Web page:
Transdimensional MCMC (DRAFT)#


Markov chain Monte Carlo (McMC) methods have been used extensively for Bayesian computation to solve the problems where the joint distribution of all variables has a density with a fixed number of dimensions. However, there are a variety of challenging statistical problems where the dimension of the object of inference is variant e.g. biological systems, mapping, and subsurface imaging. In these cases, the general McMC methods have therefore not been available for application to Bayesian model selections and determination as the dimensionality of the parameter vector (model space) is typically not fixed. For example, in subsurface imaging problems, as we do not exactly know the number of subsurface layers, we used to fix the number of layers and compute the model parameters (e.g. velocity, density) for each layer. Rather than fixing the number of layers based on the user’s assumption, the transdimensional approach is the name given to the case where this assumption is relaxed, and view the number of layers that is related to model parameters as unknown.

Transdimensional Markov chains are an extension of McMC sampling algorithms that allow transitions between models with different numbers of dimension as shown in Fig. 30 to achieve a broad subspace of the inter-related sampling framework. The posterior probability distribution (PDFs) produced by McMC hence becomes a transdimensional function. To sample arbitrary dimension PDFs, the reversible-jump Markov chain Monte Carlo (rj-McMC) sampler given by Green, a generalization of the well knownMetropolis-Hasting algorithm, is the most common McMC tool for exploring variable dimension statistical models.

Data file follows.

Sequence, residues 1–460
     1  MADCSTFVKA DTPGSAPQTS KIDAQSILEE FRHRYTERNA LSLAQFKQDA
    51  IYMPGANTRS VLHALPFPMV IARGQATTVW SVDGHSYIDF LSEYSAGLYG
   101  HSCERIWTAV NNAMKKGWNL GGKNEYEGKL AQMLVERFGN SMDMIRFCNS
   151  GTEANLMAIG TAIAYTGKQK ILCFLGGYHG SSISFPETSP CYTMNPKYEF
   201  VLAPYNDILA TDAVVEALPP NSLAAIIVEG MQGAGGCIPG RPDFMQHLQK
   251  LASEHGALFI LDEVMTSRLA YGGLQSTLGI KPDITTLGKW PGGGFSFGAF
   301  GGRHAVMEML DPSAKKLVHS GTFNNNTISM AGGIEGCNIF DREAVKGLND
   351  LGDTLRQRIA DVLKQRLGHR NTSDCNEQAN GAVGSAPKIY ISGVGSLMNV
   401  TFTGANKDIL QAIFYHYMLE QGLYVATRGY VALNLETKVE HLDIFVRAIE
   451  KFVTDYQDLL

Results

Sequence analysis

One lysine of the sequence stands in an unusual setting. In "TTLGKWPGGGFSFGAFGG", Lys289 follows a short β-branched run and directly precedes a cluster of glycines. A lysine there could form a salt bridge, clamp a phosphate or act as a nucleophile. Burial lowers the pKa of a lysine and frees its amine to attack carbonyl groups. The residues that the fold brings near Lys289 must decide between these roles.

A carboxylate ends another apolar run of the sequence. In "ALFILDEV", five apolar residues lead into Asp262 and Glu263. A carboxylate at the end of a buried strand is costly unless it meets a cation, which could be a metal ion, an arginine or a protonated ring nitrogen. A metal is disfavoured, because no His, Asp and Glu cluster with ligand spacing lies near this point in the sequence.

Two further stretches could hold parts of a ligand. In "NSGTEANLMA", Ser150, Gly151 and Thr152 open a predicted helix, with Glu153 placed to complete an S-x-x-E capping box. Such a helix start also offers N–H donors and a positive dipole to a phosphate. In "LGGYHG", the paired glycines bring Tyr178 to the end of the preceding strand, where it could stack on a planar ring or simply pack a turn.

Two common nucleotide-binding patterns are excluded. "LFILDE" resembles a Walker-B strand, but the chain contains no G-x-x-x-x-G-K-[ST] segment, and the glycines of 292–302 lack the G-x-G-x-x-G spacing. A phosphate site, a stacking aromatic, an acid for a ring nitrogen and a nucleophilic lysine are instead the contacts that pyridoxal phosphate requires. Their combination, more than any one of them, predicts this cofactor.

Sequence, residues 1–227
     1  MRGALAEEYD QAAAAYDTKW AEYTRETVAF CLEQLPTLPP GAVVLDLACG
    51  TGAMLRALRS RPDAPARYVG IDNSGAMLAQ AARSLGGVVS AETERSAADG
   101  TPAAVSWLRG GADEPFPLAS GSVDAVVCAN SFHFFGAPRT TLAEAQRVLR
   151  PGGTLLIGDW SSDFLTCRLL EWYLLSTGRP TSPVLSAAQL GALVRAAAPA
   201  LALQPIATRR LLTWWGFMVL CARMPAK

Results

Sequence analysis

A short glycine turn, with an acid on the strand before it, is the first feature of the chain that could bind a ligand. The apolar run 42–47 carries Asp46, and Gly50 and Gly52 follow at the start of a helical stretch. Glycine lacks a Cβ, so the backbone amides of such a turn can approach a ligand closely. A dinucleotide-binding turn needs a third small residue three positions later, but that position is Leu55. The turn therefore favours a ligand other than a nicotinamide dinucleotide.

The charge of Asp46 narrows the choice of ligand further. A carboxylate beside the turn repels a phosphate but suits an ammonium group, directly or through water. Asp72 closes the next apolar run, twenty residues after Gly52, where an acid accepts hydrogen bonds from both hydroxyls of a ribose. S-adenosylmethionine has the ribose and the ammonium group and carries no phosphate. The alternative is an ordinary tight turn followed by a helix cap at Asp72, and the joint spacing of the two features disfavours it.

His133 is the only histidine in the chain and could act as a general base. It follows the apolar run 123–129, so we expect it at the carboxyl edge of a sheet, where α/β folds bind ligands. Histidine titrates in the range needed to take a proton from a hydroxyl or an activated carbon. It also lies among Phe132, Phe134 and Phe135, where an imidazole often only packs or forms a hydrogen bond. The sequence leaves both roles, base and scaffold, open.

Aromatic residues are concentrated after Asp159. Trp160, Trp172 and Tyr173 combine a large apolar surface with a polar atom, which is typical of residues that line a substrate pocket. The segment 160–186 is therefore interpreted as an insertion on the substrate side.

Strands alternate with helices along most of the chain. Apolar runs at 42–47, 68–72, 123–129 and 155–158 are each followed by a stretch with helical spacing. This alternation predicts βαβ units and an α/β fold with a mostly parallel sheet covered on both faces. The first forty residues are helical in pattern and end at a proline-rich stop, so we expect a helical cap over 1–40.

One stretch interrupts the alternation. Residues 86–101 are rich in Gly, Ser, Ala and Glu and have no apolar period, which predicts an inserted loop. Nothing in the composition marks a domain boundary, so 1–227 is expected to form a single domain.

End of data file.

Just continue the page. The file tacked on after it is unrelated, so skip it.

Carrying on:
Fig. 30 A illustration shows how Rj-McMC jumps across three independent state spaces. The number of variables (\(N\)) are different between states. \(X_1\), \(X_2\), \(X_3\) represent each variable.#

Reversible-jump Markov chain Monte Carlo (Rj-McMC)#

Rj-McMC is capable of jumping between subspaces of differing dimensionality and avoids the need for computing marginal data densities by treating the number of dimensions as an unknown parameter [Green, 1995, Sambridge et al., 2006]. This considerably extends the use of Metropolis-Hastings rules to cases where the proposal distribution not only moves a point within the current model (or state) space, but also between state spaces, of different dimensions or types.

Rj-McMC method proceeds by using reversible jump moves, to construct a Markov chain where typically each is a perturbation of the last. The resulting Markov chain simulations jump between such distinct models and form samples from the joint distribution. The algorithm is designed to be reversible such that irreducibility and aperiodicity of the Markov chain are maintained and it surely converges to the correct target measure.

The starting point of the chain is selected randomly and the perturbations are governed by a proposal probability distribution which only depends on the current state of the model. To jump between different dimensions, new types of proposals come in reversible pairs which are birth (increase dimension) and death move (decrease dimension). For within-model proposals where model dimension does not change from current to proposal one, the principles are identical to the fixed-dimensional McMC. For across-model proposals where model dimension changes from current to proposal one, usually, the acceptance probabilities are much lower than within-model moves. Thus, it is necessary to design appropriate reversible jumping rules (e.g. reversible proposal choice and acceptance mechanism) to produce computationally efficient and theoretically effective methods [Lopes, 2006].


Seismic surface wave tomography



Peter J Green. Reversible jump markov chain monte carlo computation and bayesian model determination. Biometrika, 82(4):711–732, 1995.


Hedibert Freitas Lopes. A note on reversible jump markov chain monte carlo. Graduate School of Business, The University of Chicago, 2006.


Malcolm Sambridge, K Gallagher, Andrew Jackson, and Peter Rickwood. Trans-dimensional inverse problems, model comparison and the evidence. Geophysical Journal International, 167(2):528–542, 2006.


Kuan-Yu Ke


Jonas bauer, Frederik Tilmann